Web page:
Many of us like bacon and fart jokes and politics and sports.

Even the girly-girls.

Even the sentimental new moms.

Even the spoiled divas.

Yes, fart jokes.

Knowing that some products can’t avoid being related to things that are super feminine and girly (feminine products, cosmetics, etc), some brands have done a great job of poking fun at stereotypes. I like these:

But — and if you’re still reading this, mazel tov — here’s a fun test:

Are you a dude? Did you laugh at those ads?

Guess what. So did I.

And most women of the women I know did too.

And we’re the ones who are supposed to buy those products.

I say, now that we’ve addressed all the crappy female stereotypes and made fun of them, let’s just move on. Let’s just write some ads that stop saying “hey – you’re a woman, so you’ll laugh at this” and just write ads that say “hey — you’ll laugh at this.”

Personally, I’d love to see some more physical humor in female-targeted ads. And yes. Maybe even a fart joke.

I’m baaaaaack.

April 7, 2010

Ok. So, over a year later… I’m finally back to the blog. I’m sure most of you have been checking back daily for the past 14 mos, weeping into your half-empty cups of coffee, wondering “why is there no copywronging for me to read today? And today? And today? And today?…”

Well, it took this little story from the Huffington Post to get me pick up my broken pencil.

So, the French version of Marie Claire has come out with a special edition with absolutely NO retouching. Not a single stroke of an airbrush in the whole publication (ads excluded, I’m sure).

And this is a huge frigging deal.

::Dramatic Pause::

WHY should this have to be such a huge frigging deal?!?!  Why can’t someone just make a magazine ALL the time that promises 0% airbrushing 100% of the time??

Wouldn’t the happy medium be to have a magazine full of normal-to-thin models with no airbrushing? No wonder thin women with cellulite are losing their minds. They being shown that all women in the media are perfect.

The fact is, great-looking women have scars, cellulite, wrinkles, and liver spots. They just DO.

For years, publishers ridiculed about featuring skinny models. Then, some tried featuring full-figured models and that didn’t make women feel any better. It’s more about the airbrushing.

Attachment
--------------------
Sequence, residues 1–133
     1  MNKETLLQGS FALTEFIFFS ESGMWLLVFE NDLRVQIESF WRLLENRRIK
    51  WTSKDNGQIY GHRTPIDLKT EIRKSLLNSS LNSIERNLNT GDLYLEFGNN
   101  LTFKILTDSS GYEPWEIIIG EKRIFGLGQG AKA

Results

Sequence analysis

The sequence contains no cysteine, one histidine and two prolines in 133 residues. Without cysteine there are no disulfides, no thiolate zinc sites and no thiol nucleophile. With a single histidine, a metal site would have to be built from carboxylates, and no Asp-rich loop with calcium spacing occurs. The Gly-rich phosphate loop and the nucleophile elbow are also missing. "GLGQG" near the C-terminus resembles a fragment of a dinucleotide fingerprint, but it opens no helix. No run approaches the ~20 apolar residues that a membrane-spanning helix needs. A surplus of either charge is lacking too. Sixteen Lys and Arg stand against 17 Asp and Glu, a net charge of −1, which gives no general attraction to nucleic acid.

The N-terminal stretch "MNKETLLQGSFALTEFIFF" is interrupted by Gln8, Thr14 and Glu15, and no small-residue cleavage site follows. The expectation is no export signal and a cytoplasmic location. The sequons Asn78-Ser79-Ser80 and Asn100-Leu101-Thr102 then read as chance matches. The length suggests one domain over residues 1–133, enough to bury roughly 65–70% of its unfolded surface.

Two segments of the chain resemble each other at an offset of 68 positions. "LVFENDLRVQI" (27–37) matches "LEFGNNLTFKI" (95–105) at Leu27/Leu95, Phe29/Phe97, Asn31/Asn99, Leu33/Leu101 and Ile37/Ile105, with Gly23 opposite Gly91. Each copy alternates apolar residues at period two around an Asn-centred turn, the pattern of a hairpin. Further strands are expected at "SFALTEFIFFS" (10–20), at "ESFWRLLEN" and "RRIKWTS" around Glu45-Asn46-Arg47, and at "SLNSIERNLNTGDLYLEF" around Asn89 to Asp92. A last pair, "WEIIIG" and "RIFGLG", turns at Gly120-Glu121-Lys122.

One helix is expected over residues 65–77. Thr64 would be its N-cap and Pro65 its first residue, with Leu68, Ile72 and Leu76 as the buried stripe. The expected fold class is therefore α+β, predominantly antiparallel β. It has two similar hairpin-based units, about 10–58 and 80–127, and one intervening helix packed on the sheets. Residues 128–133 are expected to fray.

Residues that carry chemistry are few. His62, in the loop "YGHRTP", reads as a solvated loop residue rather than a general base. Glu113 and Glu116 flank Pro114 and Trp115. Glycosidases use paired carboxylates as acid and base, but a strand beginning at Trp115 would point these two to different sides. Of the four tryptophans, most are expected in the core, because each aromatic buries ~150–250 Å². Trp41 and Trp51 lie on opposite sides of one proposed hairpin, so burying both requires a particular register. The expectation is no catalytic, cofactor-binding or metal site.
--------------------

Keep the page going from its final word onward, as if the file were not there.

I challenge the publishers in this country to create a beauty magazine that’s full of the same fashion, sex, and celeb crap that all beauty mags have… but no airbrushing.

Because, ultimately… not only would an airbrush-free magazine make us all feel a little more natural and a little less lied-to, but publishers would save MILLIONS in production costs every year. And what Editor-in-Chief wouldn’t like the sound of that..?

This is where I get to say “cat people are CRAZY” and back up my claim with unarguable proof.

Check out Kitty Wigs. Yes. Wigs for cats. Not big, blanket-like wigs of fake fur for those poor cats who suffer from mange. No no. These are wigs that make your cat look like… well… a slut.

Frankly, my favorite one is the pink Charlie’s Angels-style wig. It’s just the most insane of the bunch.

Oh, and if you’re pissed off that they don’t have wigs for your little doggie, worry not. They’ll have (hua = short for Chihuahua) up this year. GAG!

Total Girl Moment.

December 7, 2007

This morning, I watched the preview for the Sex & the City movie. It was the girliest thing I’ve done all week. Made me feel like squealing like a pig-tailed schoolgirl when I saw it had finally been posted online.

You can watch it here

Pretty soon, I’m gonna be working on some pretty lady-centric ads for one of my clients. The client really wants to focus in on women.

I say awesome. That’s great.

My worry? We can’t talk to women like they’re women.

Like, “hey ladies! Let’s go get hot and go running and do yoga. It will totally make us feel good.”

No no no.

Think about it – you could never take that same message and flip it for men: hey dudes! Let’s go get hot and go running and do yoga. It will totally make us feel good.”

It just… wouldn’t resonate with men. And honestly, the first example doesn’t do a hell of a lot to resonate with women. It just makes women feel like they’re being spoken to. Like… some brand out there is sooooo sure they have them all figured out.

I definitely have some ideas about how to approach our upcoming assignments. I just hope to God that our client doesn’t want us to pink yoga crap. There’s so much more to us women and what we’ll respond to. Perhaps it’s time for us to do something completely new and unexpected.

Like… NOT talk “to” women.

Ad Boys

December 12, 2006

A quick anecdote.

The other day, my friend Lisa asked if there were any cute boys in advertising.

“Cute boys? Sure. Cute men? No.”